MAASIN CITY, Southern Leyte (PIA) -- The mid-term polls next year will still be using similar technology first introduced and successfully used during the 2010 presidential elections, an official of the provincial office of the Commission on Elections (Comelec) here announced.
Provincial Election Supervisor Atty. Antonio Gulay, Jr., however, said as to the details on the overall preparations and conduct of the 2013 local and senatorial elections, his office is still awaiting the various resolutions to be promulgated by the poll body’s central office.
The number of voters in a precinct is also not yet certain, for during the 2010 polls concerns were raised that the 1,000 voters assigned in one precinct, even though the process was automated, created long lines of impatient, often angry, crowd.
There were talks to reduce the number to about 500 voters per precinct, but this was not official yet, Gulay said during the Action Center Kapihan sa Philippine Information Agency (PIA) Wednesday.
Gulay said he can vouch on the accuracy of the Precinct Count Optical Scan (PCOS) machines that were used in 2010 and in all likelihood will still be used for 2013, saying that in a random, manual count before in the testing process, and after for the ballot audit, the results practically matched.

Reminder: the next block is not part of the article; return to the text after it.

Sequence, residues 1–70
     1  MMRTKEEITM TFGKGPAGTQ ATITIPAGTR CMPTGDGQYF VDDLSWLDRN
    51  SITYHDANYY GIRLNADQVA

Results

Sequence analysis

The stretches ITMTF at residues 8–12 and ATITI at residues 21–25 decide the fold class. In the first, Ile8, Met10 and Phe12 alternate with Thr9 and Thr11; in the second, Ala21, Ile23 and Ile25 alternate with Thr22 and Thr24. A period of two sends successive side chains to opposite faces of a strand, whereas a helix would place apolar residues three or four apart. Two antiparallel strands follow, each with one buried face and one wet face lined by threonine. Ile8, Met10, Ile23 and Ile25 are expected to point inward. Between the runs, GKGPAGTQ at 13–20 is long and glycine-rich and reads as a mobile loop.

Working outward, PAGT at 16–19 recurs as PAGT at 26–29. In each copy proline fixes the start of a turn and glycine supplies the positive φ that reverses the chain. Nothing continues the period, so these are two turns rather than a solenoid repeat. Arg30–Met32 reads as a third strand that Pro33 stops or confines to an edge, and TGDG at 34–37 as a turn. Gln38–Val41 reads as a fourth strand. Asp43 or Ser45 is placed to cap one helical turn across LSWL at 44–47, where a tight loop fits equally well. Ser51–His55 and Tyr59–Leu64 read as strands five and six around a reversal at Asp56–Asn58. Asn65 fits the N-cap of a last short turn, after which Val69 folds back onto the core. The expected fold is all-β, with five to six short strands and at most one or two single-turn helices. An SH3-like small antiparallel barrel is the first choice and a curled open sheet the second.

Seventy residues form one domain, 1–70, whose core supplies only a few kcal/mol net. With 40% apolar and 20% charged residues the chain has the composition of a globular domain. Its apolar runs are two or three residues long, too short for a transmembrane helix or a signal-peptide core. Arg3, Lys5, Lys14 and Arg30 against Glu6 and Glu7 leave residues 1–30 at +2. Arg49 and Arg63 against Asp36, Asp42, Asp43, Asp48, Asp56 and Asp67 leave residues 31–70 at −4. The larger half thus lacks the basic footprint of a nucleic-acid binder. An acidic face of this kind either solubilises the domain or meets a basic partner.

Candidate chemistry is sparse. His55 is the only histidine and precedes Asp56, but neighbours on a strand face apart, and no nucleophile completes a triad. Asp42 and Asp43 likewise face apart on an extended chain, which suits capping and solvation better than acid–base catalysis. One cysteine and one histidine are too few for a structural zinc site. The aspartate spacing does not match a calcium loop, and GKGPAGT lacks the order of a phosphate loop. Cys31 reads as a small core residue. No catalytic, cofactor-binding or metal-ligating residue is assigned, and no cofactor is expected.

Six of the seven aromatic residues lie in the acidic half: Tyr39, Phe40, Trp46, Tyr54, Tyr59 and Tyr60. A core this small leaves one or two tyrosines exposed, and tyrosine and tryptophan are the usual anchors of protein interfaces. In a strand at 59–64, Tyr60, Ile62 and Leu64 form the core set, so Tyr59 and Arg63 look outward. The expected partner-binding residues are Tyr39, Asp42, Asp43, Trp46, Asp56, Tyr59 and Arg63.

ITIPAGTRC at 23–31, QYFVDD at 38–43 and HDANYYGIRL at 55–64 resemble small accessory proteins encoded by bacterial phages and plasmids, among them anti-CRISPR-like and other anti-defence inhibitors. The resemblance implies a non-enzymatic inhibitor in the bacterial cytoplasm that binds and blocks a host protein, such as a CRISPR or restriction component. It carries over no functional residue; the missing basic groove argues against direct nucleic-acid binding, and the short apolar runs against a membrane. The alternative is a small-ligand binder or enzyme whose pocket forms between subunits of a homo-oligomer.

What created a problem in 2010 was the defective compact flash cards installed in every PCOS, in which 18 PCOS machines in at least eight towns and Maasin City caused the delay in the otherwise fast transmission of results especially at the national level.
The problem was solved when new, replacement CF cards arrived several days after the elections, and Gulay said this incident was unforeseen in the tedious preparations usually attending the dawning of a revolutionary shift from traditional balloting such as election automation, where all eyes were focused on the PCOS machine and not so much on the accompanying gadget.
Gulay expressed hope that with the 2010 experience and lessons learned, the scenario on bugged down CF cards will not be repeated in the 2013 elections.
He also allayed fears of ballots switching, saying that just like what happened in 2010, official ballots are PCOS-specific, meaning ballots will not pass through a PCOS machine that is not configured for them, a security feature that is unique to the technology. (mmp/PIA8-Southern Leyte)